Hi Frugalistas! I’ve already written about our infamous visit to the Athens Central Market, but there was far more to our Culinary Backstreets food walk in central Athens. Starting with breakfast, we ate, walked, talked, photographed and ate even more around central Athens with our guide, the lovely Despina. Join me on a feast of food as we walk the Culinary Backstreets of Athens…..
Breakfast in a traditional Greek dairy bar
Our first stop is a traditional Greek dairy bar. In the same family for 4 generations, it is now the last dairy bar in Central Athens. I’m delighted that we are the only tourists amid a crowd of locals enjoying a leisurely coffee or breakfast. As well as somewhere to eat, dairy bars also stock cakes, pastries, and yoghurts all to takeaway. Despina chooses a range of foods for us to try: traditional Greek yoghurt served with honey and walnuts, a traditional pastry, galactoboureko, made with custard and phyllo pastry (bit like a Greek vanilla slice) and a mysterious jelly….
Proper Greek yoghurt served in Greece is a completely different thing to the Greek yoghurt we buy in our local supermarkets, and this one certainly doesn’t disappoint. The galactoboureko is fabulous – the custard is light, vanillary and very creamy. Galactoboureko is a good option for those who find the syrupy Greek desserts too sweet. And the jelly? Well, we taste it, and it certainly is different. It’s a jelly, it’s light and has a pleasant, distinctive flavour. But what is it? Despina then reveals all – a wine dessert, made with the wine must. Delicious, and like nothing any of us have eaten before.
We make a great job of our breakfast, but we aren’t done yet. Oh, no, it’s time for more. This time we head to a quaint little café with laminex tables and just one thing on the menu – loukoumades, a traditional Greek donut. There are different styles of loukoumades, but what we are trying is a traditional Cretan style: round, rather than donut shaped and served with a sugar syrup rather than honey. Handcut, then fried, they are dipped in sugar syrup before a dusting of cinnamon and sesame seeds. I tried loukoumades a number of times in Athens, but these ones? Definitely the best. Crispy shell, and light as air inside. They melt in the mouth and aren’t too sweet.
A savoury morning tea
After all these sweets, we all need a walk. And something more savoury. So we hit a traditional cheese shop. Think Greek cheese, and we all think one thing, right? Fetta. But as I’m rapidly discovering in Athens on this walk, the fetta we know at home (even the Greek fetta) is nothing like the fetta at this shop. We learn that “real” Greek fetta comes in traditional beechwood barrels, not in plastic wraps. We learn that to be a true authentic Greek fetta, the cheese needs to be made from 70% sheep milk and 30% goat milk. But most surprisingly? There are actually, two types of fetta: one normal, and a soft, creamy variety.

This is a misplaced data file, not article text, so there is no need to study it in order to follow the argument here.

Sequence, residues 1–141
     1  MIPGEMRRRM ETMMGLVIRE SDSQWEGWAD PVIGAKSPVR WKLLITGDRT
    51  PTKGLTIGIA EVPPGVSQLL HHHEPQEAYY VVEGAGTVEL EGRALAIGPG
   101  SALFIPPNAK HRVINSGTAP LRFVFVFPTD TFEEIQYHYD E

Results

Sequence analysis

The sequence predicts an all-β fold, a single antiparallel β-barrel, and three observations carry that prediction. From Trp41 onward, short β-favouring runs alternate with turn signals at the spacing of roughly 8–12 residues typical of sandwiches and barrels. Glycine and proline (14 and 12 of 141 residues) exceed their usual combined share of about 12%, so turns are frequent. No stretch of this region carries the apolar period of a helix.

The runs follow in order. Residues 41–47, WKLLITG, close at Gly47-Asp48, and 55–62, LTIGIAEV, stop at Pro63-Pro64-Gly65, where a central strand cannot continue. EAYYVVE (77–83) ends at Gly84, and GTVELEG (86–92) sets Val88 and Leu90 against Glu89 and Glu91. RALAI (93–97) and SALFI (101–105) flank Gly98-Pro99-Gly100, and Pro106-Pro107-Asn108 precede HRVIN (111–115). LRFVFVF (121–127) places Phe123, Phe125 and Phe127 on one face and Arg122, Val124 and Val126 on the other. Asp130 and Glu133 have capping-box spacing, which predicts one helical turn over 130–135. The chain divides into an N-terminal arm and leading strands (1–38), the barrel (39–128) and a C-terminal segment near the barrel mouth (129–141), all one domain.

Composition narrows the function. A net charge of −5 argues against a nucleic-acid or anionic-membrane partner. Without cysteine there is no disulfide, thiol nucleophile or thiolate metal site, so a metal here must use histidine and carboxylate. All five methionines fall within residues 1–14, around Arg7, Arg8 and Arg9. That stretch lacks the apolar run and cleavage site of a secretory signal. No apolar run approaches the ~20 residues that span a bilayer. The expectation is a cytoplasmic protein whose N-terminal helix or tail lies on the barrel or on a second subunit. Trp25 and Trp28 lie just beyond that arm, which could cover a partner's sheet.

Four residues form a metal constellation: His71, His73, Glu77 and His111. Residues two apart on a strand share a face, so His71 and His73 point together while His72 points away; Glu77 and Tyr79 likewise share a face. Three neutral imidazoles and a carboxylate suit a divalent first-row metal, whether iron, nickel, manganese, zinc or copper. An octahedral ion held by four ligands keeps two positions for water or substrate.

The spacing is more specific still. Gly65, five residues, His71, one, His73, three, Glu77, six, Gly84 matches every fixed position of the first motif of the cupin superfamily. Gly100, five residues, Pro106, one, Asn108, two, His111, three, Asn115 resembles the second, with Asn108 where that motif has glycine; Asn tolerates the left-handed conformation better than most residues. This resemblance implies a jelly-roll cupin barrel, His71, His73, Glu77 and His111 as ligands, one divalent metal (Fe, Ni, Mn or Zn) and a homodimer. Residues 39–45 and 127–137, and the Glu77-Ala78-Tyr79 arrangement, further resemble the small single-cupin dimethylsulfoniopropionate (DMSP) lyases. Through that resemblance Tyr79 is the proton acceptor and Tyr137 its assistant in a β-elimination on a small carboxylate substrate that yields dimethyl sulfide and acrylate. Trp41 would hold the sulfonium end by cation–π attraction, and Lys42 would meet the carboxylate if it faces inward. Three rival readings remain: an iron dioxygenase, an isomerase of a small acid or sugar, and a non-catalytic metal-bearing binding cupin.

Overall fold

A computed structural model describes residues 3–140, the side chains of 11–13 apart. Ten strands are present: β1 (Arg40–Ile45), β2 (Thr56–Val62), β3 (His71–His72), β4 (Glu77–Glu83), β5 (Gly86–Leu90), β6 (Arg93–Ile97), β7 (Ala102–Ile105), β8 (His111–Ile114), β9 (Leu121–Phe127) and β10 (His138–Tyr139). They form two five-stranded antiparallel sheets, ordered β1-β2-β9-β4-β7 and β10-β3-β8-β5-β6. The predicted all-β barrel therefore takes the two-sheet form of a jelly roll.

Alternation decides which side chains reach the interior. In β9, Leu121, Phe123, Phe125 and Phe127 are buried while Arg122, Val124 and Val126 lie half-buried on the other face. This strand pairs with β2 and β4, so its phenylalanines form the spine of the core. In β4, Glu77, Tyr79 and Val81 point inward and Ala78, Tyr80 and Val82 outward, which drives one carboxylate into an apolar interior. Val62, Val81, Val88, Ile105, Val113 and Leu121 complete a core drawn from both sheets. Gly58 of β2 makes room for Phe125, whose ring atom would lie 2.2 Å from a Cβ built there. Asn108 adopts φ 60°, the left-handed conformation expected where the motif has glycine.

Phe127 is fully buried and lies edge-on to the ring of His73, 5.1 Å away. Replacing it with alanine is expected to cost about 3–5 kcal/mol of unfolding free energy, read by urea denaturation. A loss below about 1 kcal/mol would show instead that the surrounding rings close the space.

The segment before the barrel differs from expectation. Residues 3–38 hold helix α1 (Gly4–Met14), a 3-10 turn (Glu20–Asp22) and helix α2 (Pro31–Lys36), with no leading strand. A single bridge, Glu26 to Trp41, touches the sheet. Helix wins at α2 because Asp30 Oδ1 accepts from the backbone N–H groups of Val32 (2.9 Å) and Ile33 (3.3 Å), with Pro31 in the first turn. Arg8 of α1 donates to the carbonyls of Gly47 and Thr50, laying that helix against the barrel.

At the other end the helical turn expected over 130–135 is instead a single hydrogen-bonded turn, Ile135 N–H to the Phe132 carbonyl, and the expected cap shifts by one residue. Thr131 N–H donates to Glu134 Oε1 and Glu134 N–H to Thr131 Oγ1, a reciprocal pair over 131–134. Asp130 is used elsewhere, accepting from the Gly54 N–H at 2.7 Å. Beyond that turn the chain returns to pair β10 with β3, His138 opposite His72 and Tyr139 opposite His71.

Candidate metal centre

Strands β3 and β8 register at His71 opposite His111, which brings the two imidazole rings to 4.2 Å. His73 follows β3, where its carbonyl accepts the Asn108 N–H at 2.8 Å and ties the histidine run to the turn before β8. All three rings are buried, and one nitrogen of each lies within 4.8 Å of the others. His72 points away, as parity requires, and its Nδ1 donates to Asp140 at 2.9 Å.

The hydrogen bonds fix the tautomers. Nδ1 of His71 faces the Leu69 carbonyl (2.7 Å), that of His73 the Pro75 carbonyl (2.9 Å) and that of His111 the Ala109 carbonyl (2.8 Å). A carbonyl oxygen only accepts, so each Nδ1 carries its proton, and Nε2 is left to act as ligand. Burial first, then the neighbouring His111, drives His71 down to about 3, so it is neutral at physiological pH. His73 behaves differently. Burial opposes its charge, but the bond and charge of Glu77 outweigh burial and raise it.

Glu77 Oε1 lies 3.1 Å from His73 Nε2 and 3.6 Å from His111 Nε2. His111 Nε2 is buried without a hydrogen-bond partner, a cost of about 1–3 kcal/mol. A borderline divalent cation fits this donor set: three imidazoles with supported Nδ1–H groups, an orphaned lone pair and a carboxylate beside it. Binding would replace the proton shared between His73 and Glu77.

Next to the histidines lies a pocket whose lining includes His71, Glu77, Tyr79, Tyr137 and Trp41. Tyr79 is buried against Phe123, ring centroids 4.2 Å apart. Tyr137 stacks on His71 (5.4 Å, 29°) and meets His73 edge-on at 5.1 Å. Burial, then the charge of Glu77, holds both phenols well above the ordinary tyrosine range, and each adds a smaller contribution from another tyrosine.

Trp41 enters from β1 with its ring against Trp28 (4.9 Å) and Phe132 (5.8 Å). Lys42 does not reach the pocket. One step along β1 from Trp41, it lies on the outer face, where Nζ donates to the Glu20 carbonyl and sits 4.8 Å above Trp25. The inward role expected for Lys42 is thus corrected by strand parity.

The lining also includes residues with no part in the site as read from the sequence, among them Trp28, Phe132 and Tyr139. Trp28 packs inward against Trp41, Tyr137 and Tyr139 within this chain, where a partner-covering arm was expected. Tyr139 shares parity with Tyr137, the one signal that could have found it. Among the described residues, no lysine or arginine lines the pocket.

Our host cuts some of both for us to try. I try the normal one first and get confused – it’s soooo creamy I must have made a mistake. Then I try the creamy one – heaven. Both have the recognisable flavour of fetta cheese, but are softer, creamier, less salty and more subtle flavoured. Yet again, it looks like the Greek food I am familiar with, but in reality it is so different…….
Finally, it’s time for a break from eating and we hit the meat and fish market. And yes, we all manage to embarrass ourselves. Vanessa by feeling sick in the meat market. And the rest of us by managing to hide where Despina can’t find us.
All back together and everyone settled down, we tuck into our reward: a Greek aperitif called tsipouro, and a meze plate. We are in a tiny hole in the wall café with white tiled walls and a handful of seats. Definitely the sort of place you would walk past without a second glance on your own. Our meze plate has been chosen by the café owner to best match our tsipouro. If we’d been drinking the more familiar Greek aperitif, ouzo, we would have been offered a different meze plate. Fried haloumi cheese (called saganaki), sausage, tomato and meatballs all go well with the tsipouro.
A quick stop for a Greek coffee (that even Despina admits is the same as Turkish coffee) is so good, it ruins every other Greek coffee on this trip. Being travel bloggers, we couldn’t resist taking photos of the cooking process. It was fascinating to watch the little individual pots being prepared, then left to “cook” in a pool of hot sand.
On our way to our next destination we tour the fruit and vegetable market, and Despina buys a selection of olives for us to eat later (that I’m thinking I’ll pass on. I don’t like olives).
Our next food stop is a surprise as it is what looks remarkably like a delicatessen. Meats, cheeses, olives, sausages fill the display cabinets. A few tables and a small kitchen complete the scene. It actually looks like a very cool café like I see a lot of in Sydney. But we aren’t here for anything cool or hip. We are having metsagona (a smoked cheese) and pastourne, an air dried meat. There are three types of pastourne, and Despina sets us a quiz – we are trying beef, camel (!) and lamb. The beef and camel are mild and similar to a pastrami or prosciutto. Despite being a typical Australian who eats (and loves) a lot of lamb, the lamb is too fatty and strong for me….. But it’s a very interesting place to visit. I don’t know about you, but I didn’t know there was such a thing as pastourne!
Where’s the souvlaki?